What the heck is Method overloading?
I first came across the concept of method overloading when I tried to solve this HackerRank challenge a couple months ago. It fascinates me that I had never come across it (ever) in all my years programming. Maybe I zoned out during the university lecture that covered this topic? I don’t know.
Anyway, method overloading is quite a rarely used feature hence it being such a rarely explained feature. So if you’re wondering what the heck method overloading is, this post might have the answers you seek.
What is method overloading?
Method Overloading is a feature that allows a class to have two or more methods having same name.
It is also known as static polymorphism because it is a form of static binding where binding of method call to its definition happens at compile time.
Why use method overloading?
The most common compelling reason to use method overloading is that it allows consistency in notation which encourages the re-usability and readability of code.
I will give an example of standard output to demonstrate its use. Most programming languages have a function or operator that will output whatever you like. For instance, in different programming languages these operations will output what you like;
LANGUAGE OPERATION C = printf() C++ = cout<<()() C# = Console.WriteLine() Java = System.out.print() Python = print()
Lets take a look at the Java operation for standard output. The overloaded versions of this method are:
System.out.print(boolean b) System.out.print(char c) System.out.print(char s) System.out.print(double d) System.out.print(float f) System.out.print(int i) System.out.print(long l) System.out.print(Object obj) System.out.print(String s)
If method overloading were not allowed, the same functions would have to be written as:
System.out.printBoolean(boolean b) System.out.printChar(char c) System.out.printCharArray(char s) System.out.printDouble(double d) System.out.printFloat(float f) System.out.printInt(int i) System.out.printLong(long l) System.out.printObject(Object obj) System.out.printString(String s)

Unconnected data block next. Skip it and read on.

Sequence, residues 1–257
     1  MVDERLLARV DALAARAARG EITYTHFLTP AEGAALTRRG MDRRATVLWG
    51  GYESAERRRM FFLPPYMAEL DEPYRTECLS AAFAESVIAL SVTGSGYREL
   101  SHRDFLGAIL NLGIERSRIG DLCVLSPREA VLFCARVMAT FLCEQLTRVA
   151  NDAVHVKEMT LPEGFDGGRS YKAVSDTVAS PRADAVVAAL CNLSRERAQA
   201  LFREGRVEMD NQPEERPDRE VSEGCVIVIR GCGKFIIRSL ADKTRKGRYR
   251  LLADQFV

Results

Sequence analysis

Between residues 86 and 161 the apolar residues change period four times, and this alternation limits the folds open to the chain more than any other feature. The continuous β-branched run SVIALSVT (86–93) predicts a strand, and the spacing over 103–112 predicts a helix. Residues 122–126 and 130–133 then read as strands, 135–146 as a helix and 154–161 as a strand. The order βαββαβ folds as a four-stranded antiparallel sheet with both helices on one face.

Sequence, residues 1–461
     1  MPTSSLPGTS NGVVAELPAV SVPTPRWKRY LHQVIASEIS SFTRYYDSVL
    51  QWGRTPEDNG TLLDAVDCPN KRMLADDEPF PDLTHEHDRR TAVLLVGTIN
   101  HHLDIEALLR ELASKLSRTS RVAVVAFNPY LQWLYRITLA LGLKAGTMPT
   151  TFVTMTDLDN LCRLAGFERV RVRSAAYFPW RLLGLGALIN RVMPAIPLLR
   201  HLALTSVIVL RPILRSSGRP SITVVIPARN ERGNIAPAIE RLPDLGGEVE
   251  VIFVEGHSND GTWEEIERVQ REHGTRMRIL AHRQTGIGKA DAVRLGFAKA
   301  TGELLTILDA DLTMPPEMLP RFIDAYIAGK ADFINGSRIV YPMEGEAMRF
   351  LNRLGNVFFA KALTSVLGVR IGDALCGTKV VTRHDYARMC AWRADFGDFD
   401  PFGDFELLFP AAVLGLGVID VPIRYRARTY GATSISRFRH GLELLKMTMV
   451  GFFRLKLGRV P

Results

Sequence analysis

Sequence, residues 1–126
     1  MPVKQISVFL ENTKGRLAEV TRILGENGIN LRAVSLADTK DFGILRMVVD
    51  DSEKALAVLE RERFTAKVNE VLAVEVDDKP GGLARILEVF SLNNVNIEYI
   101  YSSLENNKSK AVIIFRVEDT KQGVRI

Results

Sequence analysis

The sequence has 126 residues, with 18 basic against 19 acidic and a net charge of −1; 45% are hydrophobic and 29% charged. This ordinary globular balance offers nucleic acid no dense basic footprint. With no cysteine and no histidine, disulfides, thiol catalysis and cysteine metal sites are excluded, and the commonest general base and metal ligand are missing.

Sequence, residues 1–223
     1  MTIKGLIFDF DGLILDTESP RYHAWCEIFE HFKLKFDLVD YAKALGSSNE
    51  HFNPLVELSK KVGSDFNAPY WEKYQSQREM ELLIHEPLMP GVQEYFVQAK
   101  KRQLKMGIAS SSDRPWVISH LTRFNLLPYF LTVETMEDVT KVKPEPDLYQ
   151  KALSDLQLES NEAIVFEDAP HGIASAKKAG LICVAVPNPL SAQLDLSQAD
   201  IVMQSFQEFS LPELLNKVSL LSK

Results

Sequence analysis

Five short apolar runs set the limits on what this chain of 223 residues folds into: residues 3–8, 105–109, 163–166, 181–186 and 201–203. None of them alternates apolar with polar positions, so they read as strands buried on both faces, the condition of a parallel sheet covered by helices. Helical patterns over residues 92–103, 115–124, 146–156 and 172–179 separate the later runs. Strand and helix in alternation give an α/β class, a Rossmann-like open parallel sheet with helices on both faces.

Can you imagine how tedious it would be to have to use a different method each time you wanted to print some output? Method overloading saves efforts and presents cleaner code.
When to use method overloading
It is very possible to overload two methods that do substantially different things, however this is bad practice. It makes implementation very difficult not only for yourself but also for any future developers looking to modify your work.
So, when is method overloading appropriate? Method overloading is generally appropriate when the two methods are semantically equivalent. In short, when methods have the same purpose but there is more than one way to start them, use method overloading.
How to use method overloading
Here are some of the different ways methods can be overloaded using examples in Java.
1. With a different number of parameters
Methods can be overloaded by using a different number of parameters. The example below overloads the add() method. The first method allows only 2 parameters while the next allows 3 and the last allows 4.
The output of the above code is shown below.
5 12 22
2. With different types of parameters
Methods can also be overloaded by using different types of parameters. The example below shows the add() method again except this time it allows addition of integers and addition of doubles.
The output of the above code is:
3. With different orders of parameters
Methods can also be overloaded by simply changing the order of the parameters as in this example below. However, this would have very little practical use in my opinion and may also be counterproductive because it may cause confusion during implementation when overloading should actually prevent that.
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